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Novartis Found Symp. 1999;219:113-25; discussion 125-33.

Neuronal coupling in the central nervous system: lessons from the retina.

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  • 1Department of Physiology and Pharmacology, University of Queensland, Brisbane, Australia.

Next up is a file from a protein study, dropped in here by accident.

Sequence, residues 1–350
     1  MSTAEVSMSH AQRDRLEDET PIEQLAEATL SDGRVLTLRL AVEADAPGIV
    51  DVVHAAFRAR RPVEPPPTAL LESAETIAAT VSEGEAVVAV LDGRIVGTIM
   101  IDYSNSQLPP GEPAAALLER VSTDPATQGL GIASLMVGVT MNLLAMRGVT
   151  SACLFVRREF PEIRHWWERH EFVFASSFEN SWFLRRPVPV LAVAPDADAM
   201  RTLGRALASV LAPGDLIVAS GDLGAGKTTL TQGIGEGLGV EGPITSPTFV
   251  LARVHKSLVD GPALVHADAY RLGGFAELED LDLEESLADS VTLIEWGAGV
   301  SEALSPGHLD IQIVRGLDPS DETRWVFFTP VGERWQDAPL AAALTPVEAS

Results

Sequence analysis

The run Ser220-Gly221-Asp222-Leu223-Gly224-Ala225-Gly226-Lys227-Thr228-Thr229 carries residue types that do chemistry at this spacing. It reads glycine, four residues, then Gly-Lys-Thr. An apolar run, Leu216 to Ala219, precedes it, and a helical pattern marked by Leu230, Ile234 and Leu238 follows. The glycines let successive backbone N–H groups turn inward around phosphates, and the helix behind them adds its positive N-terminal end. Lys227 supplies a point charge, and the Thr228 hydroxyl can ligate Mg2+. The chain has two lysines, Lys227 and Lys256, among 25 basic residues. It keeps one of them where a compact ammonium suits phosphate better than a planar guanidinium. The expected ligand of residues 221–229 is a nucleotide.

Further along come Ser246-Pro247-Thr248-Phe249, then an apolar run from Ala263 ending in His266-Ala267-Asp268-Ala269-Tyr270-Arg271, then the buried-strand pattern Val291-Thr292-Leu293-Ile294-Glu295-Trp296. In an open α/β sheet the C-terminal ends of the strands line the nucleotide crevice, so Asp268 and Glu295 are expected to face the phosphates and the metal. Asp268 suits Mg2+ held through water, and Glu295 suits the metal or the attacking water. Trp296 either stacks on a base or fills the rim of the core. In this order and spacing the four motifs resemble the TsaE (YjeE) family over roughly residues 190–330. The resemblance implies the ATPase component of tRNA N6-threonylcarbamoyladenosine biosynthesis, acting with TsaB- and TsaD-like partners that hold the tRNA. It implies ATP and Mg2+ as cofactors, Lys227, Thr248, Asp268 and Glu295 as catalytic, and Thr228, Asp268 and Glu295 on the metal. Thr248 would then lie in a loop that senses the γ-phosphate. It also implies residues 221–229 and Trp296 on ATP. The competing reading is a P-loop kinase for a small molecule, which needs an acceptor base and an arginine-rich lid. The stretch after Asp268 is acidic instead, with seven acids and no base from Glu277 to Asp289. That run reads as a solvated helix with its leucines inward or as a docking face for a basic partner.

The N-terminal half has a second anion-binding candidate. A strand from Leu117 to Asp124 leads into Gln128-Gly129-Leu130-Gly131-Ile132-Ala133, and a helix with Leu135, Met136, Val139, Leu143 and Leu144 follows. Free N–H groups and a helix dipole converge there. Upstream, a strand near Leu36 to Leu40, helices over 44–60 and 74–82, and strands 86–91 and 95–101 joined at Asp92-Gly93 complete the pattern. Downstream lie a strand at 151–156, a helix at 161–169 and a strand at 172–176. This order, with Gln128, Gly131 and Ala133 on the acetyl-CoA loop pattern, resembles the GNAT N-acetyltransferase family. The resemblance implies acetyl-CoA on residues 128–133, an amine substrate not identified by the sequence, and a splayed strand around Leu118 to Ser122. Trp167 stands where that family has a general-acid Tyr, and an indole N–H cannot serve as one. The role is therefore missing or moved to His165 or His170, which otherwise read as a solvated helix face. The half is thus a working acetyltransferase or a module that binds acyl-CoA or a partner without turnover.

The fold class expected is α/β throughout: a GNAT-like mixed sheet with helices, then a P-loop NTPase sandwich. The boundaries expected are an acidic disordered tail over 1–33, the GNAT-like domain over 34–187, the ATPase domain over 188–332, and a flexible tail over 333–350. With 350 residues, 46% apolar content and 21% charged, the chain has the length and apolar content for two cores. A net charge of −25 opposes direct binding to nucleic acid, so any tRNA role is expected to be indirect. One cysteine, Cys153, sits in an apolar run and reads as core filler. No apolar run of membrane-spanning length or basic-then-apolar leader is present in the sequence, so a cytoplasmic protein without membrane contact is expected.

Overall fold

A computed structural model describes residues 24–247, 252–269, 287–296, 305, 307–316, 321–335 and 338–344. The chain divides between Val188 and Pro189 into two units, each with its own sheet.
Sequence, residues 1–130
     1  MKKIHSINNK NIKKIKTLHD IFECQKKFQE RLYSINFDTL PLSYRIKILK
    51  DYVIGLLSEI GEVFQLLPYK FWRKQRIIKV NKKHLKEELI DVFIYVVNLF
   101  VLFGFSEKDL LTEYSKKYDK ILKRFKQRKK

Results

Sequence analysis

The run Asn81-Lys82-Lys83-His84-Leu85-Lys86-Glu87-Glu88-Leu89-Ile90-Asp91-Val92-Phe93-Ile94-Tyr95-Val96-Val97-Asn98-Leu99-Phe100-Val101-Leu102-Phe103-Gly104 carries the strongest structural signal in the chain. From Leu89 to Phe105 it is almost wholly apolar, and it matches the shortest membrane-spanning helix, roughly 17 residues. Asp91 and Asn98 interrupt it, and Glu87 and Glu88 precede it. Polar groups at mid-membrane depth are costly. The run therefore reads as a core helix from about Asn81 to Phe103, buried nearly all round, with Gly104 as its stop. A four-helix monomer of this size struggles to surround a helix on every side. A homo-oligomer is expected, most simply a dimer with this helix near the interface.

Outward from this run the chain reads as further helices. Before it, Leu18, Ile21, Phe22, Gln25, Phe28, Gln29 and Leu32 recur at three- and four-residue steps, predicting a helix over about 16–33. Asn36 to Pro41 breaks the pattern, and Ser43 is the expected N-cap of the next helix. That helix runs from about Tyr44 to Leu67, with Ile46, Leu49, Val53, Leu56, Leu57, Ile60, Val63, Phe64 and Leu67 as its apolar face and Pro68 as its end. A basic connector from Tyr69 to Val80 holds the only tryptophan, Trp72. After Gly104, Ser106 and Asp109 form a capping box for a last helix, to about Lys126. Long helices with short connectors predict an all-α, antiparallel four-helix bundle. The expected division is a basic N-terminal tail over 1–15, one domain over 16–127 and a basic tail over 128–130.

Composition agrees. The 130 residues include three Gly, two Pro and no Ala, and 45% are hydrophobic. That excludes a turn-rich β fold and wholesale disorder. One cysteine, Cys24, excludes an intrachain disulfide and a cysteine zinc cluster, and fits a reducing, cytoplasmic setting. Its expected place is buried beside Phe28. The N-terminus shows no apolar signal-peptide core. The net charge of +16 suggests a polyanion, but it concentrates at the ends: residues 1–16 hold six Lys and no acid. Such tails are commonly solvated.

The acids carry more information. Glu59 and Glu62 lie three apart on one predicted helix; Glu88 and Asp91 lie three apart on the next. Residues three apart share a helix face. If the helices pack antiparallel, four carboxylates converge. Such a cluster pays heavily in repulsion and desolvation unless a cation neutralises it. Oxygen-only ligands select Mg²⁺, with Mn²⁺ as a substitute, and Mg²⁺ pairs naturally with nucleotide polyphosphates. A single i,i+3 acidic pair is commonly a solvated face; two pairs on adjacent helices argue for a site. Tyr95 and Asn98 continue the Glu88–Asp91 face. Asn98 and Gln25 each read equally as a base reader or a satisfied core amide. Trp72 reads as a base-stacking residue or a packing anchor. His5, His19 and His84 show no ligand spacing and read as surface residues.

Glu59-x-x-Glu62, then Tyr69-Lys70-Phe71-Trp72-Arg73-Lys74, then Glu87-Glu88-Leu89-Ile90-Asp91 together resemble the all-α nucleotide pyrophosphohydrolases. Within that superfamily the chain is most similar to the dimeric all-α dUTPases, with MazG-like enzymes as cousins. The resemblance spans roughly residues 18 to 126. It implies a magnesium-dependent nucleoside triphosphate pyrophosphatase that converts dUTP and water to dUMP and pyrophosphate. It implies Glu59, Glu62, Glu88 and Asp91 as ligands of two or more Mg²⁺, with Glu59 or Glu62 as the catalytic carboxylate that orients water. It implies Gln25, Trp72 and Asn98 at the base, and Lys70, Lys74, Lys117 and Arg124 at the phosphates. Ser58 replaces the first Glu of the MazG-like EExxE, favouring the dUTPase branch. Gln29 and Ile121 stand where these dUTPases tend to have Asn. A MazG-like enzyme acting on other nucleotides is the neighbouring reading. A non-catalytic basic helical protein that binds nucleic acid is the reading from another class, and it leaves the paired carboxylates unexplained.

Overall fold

The retina is a model system for studying gap junctional intercellular communication in the CNS. The cellular coupling can be graphically visualized in retinal whole mounts by injecting small cationic tracers into microscopically identified neurons; the pattern of tracer coupling shown by each type of retina neuron is highly stereotyped, with many types of amacrine cells and ganglion cells showing complex patterns of both homologous and heterologous coupling. Parallel physiological studies have demonstrated that the gap junctions can be modulated dynamically by neurotransmitters and by the level of ambient illumination. Taken together, the numerous structural and functional studies on gap junctions in the retina provide powerful support for the concept that electrical synapses are complex components of neuronal circuits, having many of the attributes normally ascribed to chemical synapses.

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